Kenya tops medal table ahead of Jamaica and USA as GB finishes fifth, with men’s 4x400m team bagging bronze, while Ireland’s Sommer Lecky secures high jump silver
Jona Efoloko and Charlie Dobson take 200m 1-2 in TampereJuly 13, 2018
Sprinters round off a fantastic Friday for Britain at the IAAF World U20 Championships with another gold and silver
Jona Efoloko and Charlie Dobson stormed to 200m success at the IAAF World U20 Championships to take Great Britain to second on the medals table behind Kenya on day four in Tampere, Finland.
In the final event of a session which had earlier seen Britain’s Niamh Emerson win the heptathlon and Jake Norris triumph in the hammer competition (report here), Efoloko clocked a PB of 20.48 for gold in the half-lap event as his team-mate Dobson followed him over the finish line in 20.57 for silver, while USA’s Eric Harrison ran 20.79 for bronze.
The 18-year-old winner had gone into the competition with a PB of 20.79 from Bedford last month, a mark which he improved to 20.65 in his heat before running 20.74 in his semi-final.
Dobson also improved his PB of 20.73 from May to 20.65 in his heat and then 20.53 in his semi-final.
“World champion sounds amazing,” said Efoloko, who adds this title to his gold from the European Youth Championships in 2016 and silver from last year’s European U20 Championships.
“All the hard work paid off and all the training, all the parties missed and going out with my friends, it’s all worthwhile for moments like this and that’s why I do this sport.”
On his lifetime best, he added: “It’s a double bonus. The main aim was to win, I didn’t really care about the time, whether it was 21 seconds or 20.48 I didn’t really care. The PB is the icing on the cake.”
In the women’s event, Jamaican 16-year-old Briana Williams remains on course for a 100m and 200m double as she clocked 23.41 to win her semi-final, while USA’s Lauren Rain Williams was quickest overall with 23.15.
Britain’s Alisha Rees finished third in her heat in 23.67 and narrowly missed out on a place in the final, while Georgina Adam ran 24.37.
Christopher Taylor had been the big favourite in the men’s 400m but Jonathan Sacoor wasn’t paying any attention to the form book as he stormed away down the home stretch to claim a surprise victory in a Belgian under-20 record of 45.03.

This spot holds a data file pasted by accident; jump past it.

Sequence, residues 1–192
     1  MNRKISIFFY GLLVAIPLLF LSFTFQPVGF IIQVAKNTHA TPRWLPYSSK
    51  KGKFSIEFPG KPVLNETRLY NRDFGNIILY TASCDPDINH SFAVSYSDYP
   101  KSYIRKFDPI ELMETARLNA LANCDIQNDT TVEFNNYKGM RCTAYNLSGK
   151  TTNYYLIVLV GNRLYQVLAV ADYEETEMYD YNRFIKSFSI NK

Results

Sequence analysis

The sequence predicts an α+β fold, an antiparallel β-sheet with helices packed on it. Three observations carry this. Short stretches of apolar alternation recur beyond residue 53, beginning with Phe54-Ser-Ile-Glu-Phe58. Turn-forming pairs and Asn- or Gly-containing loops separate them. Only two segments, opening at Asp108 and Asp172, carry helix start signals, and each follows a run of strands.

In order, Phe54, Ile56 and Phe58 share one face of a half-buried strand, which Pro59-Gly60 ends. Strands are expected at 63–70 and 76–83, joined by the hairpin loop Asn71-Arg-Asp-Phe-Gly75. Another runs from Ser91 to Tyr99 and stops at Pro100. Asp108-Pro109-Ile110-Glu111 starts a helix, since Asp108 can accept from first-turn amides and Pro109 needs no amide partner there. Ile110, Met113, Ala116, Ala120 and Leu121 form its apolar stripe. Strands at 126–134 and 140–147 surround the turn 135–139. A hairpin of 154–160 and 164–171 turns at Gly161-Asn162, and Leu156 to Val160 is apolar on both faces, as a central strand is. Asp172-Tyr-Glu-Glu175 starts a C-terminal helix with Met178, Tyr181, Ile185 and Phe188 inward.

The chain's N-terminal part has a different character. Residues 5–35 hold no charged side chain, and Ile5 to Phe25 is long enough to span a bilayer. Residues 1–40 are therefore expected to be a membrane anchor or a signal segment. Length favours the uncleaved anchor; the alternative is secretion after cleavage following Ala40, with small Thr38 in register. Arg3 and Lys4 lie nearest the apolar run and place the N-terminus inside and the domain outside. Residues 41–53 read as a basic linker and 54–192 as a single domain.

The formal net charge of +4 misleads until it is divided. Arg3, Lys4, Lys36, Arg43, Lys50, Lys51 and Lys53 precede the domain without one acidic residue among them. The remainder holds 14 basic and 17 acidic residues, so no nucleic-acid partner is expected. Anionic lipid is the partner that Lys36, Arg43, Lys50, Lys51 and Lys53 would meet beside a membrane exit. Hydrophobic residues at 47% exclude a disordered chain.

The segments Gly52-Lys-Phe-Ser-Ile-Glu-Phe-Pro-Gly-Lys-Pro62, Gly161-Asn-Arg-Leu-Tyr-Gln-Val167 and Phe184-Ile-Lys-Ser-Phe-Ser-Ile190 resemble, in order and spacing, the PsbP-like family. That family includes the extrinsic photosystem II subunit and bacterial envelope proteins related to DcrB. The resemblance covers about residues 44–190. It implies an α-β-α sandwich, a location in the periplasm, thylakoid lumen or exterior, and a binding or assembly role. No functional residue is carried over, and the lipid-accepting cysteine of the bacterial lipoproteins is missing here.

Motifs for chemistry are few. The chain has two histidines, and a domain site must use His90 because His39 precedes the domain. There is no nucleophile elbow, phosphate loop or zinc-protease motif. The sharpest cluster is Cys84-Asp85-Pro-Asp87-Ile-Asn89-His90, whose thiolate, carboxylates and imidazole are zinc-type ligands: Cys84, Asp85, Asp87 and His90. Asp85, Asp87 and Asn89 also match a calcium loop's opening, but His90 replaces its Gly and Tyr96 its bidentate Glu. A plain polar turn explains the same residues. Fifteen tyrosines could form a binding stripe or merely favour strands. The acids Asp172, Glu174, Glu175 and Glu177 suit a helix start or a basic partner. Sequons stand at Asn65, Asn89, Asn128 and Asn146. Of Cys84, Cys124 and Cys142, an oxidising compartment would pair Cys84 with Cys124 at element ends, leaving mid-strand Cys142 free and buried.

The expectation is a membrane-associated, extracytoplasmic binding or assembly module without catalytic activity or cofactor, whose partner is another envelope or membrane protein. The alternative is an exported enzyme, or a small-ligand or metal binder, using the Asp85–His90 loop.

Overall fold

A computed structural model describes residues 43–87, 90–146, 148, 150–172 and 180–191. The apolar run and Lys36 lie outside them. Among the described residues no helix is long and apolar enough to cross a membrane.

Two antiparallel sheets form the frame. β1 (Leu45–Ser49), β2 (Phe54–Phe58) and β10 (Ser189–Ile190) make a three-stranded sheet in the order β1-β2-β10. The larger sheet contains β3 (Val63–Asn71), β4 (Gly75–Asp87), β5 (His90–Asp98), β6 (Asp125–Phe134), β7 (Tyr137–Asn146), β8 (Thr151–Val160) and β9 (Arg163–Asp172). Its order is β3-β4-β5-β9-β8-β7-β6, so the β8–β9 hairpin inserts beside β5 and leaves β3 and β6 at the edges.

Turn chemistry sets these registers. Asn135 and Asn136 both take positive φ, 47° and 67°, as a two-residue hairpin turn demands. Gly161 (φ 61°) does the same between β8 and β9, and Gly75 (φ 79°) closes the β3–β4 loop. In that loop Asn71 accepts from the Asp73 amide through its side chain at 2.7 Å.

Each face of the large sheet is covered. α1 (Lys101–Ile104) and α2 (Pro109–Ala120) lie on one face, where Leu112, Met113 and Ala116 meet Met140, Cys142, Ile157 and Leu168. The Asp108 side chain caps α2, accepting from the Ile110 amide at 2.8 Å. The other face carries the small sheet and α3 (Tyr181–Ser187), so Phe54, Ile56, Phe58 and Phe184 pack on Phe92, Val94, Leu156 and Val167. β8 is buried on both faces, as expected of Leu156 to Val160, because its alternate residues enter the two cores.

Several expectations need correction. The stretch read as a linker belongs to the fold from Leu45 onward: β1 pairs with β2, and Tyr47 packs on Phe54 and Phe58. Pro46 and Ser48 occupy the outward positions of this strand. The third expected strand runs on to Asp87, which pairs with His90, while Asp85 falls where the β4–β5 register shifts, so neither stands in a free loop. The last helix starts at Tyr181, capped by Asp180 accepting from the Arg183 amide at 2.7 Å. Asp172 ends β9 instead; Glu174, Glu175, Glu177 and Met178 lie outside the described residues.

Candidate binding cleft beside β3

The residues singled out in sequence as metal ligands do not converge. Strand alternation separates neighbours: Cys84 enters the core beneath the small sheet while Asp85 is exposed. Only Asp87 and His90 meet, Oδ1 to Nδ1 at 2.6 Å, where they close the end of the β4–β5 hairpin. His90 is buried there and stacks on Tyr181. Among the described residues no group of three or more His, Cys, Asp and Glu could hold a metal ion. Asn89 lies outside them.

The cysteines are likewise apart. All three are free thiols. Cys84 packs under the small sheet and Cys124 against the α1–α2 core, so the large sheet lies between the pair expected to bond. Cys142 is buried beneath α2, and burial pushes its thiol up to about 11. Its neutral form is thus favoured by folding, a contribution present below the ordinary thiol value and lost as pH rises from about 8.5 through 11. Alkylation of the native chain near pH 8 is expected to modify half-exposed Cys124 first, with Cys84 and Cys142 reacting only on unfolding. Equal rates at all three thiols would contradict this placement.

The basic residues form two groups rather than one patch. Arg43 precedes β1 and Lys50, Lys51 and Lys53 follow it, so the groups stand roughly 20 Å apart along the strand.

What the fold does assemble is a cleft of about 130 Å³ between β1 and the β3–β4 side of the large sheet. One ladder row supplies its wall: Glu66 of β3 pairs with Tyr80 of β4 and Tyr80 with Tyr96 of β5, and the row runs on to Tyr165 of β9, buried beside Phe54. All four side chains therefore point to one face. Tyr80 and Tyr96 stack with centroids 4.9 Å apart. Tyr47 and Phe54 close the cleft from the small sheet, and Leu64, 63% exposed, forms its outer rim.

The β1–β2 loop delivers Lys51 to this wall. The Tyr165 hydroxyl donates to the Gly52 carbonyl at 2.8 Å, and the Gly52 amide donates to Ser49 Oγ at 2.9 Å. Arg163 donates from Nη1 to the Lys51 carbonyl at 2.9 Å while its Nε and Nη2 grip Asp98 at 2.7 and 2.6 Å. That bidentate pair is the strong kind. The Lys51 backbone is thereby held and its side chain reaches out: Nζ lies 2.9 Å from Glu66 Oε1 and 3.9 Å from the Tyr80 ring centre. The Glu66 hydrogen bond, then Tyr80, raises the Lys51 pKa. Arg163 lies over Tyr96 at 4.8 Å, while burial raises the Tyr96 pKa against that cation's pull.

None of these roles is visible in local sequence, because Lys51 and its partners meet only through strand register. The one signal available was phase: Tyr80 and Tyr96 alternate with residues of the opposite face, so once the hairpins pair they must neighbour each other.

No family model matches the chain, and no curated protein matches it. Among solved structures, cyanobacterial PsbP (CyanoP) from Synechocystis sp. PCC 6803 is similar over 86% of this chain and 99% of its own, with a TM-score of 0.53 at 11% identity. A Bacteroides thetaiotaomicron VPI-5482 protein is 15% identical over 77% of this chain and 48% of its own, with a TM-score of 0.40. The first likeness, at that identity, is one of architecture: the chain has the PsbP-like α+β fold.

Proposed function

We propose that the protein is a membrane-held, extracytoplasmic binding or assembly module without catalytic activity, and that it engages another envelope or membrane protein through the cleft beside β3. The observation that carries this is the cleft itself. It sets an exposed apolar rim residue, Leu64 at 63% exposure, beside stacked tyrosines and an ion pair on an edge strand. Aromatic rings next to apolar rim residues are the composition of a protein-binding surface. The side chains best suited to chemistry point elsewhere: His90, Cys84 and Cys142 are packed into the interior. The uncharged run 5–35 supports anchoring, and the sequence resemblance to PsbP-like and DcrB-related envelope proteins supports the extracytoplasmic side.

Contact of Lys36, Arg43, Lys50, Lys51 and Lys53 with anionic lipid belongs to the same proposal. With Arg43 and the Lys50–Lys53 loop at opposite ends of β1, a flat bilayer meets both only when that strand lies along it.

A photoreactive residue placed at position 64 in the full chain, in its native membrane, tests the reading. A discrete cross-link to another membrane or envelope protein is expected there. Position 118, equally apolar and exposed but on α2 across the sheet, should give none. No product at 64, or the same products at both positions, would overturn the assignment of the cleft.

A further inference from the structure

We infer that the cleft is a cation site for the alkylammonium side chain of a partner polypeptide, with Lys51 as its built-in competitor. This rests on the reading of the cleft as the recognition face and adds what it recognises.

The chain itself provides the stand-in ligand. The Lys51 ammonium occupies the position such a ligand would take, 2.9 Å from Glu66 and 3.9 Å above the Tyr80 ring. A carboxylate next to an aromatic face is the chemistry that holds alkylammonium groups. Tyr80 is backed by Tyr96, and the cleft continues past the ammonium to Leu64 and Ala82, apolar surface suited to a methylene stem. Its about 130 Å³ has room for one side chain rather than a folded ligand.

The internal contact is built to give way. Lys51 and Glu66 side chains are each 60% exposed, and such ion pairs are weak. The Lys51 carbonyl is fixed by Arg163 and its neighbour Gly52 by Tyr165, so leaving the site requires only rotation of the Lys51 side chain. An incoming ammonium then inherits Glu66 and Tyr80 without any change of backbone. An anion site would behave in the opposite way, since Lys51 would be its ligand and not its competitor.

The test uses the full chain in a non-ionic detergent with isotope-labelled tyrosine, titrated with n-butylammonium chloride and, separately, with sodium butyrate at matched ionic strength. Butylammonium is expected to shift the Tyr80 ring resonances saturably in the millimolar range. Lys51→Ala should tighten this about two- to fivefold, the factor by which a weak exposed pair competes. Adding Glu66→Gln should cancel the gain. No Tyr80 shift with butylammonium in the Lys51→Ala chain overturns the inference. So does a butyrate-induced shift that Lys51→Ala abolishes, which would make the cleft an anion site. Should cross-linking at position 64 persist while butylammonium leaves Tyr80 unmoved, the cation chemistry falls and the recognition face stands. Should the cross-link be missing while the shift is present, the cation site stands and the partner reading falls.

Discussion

That mark is just 0.02 off of Thomas Schonlebe’s European under-20 record set in 1984 and saw the European U20 bronze medallist finish 0.35 ahead of the Jamaican, with his team-mate Chantz Sawyers following him over the finish line in 45.89 for bronze.
The result in the women’s 3000m steeplechase was more expected as Kenya’s Celliphine Chepteek Chespol, who ran her world under-20 record of 8:58.78 last year, smashed the championship record with 9:12.78 to win ahead of Peruth Chemutai of Uganda and Bahrain’s Winfred Yavi.
South Africa’s Zeney Van Der Walt added the world under-20 400m hurdles title to her world under-18 gold, clocking 55.34 to win ahead of Jamaica’s Shiann Salmon and Yasmin Giger of Switzerland, while Lea-Jasmin Riecke’s 6.51m PB from the second round secured the German the long jump title ahead of Japan’s Ayaka Kora and USA’s Tara Davis. GB’s Lucy Hadaway placed sixth with 6.13m.
Alastair Chalmers secured his 400m hurdles final place in style, clocking 50.11 to break the British under-20 record of 50.20 which had stood since 2004. His team-mate Alex Knibbs just missed out with his time of 50.99 not enough to see him through.
Sokwakhana Zazini went quickest, winning the heat ahead of Chalmers in 49.43.
The GB women’s 4x100m quartet of Kristal Awuah, Mair Edwards, Vera Chinedu and Ebony Carr clocked 44.84 for second in their heat to make the final but they won’t be joined by USA after they dropped the baton, while the Jamaican quartet was also disqualified.
In the men’s 4x100m heats, a baton mix-up on the final changeover meant Dominic Ashwell, Chad Miller, Michael Olsen and Kaie Chambers-Brown failed to finish.
Cuba’s Jordan A. Diaz only needed one jump to qualify for the men’s triple jump final, his 17.09m almost a metre further than anyone else managed.